Successful implementation of the aquaculture mandate in Bangladesh's Blue Economy Plan is necessary. Given the area's susceptibility to natural disasters, emphasis should be given on increasing and protecting alternative livelihoods to prevent any economic crisis and induced poverty.
Monitoring should be increased to prevent conversion of arable lands into 'gher' to protect our agricultural capacity and to avoid our over-dependence on crab farming.
Empowering the local people is a key to address social inequity. Local people should be trained and aided financially to set up farms. These steps will help create a resilient and solvent community.
For the environment's sake, we should control the fast-growing number of farms that might accelerate the rise of salinity levels.
The management of farming practices should be monitored regularly. Flushing out of brackish water and production waste should be checked. In addition, an efficient fishing ban and number of hatcheries should be increased to prevent over exploitation of the natural stock.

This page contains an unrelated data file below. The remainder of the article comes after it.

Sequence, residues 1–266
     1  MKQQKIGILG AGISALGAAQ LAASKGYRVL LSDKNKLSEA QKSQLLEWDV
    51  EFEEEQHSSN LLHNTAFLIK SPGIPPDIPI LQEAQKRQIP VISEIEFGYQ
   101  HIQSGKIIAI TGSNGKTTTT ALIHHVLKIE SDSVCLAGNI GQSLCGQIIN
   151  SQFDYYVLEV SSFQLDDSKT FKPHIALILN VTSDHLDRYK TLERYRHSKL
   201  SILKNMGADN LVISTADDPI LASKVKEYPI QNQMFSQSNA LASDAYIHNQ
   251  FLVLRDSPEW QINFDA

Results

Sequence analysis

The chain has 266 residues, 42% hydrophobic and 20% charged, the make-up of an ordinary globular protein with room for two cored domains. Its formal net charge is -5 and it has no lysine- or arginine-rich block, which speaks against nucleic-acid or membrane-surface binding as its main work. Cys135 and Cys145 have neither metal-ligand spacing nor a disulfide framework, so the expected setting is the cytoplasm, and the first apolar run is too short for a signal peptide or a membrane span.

The activities of the farms should be monitored and punished if caught with wild crabs during the banned period. The numbers of farms and hatcheries need to be balanced; an equal or close to equal ratio between 'gher' and hatcheries should be maintained to decrease dependency on wild crabs. Some 'ghers' could be converted into hatcheries to match the supply-demand.
Certainly economic stability is a factor that every vulnerable community looks up to. While we choose our adaptation strategy, we should not only resist the temptation of opting for quick monetary gain but also critically evaluate our adaptation approach for long term sustainability.
At present, we are focusing more on the immediate monetary benefits of the soft-shell crab industry in Satkhira. Unless we consider both ecological and socio-economic factors associated and take appropriate measures accordingly, we might lose its competency just as we had lost the prawn farming industry.
Mohammad Budrudzaman is a Research Assistant for Centre for Sustainable Development, University of Liberal Arts Bangladesh, Dhaka. He can be reached at [email protected]
Disclaimer: The views and opinions expressed in this article are those of the authors and do not necessarily reflect the opinions and views of The Business Standard.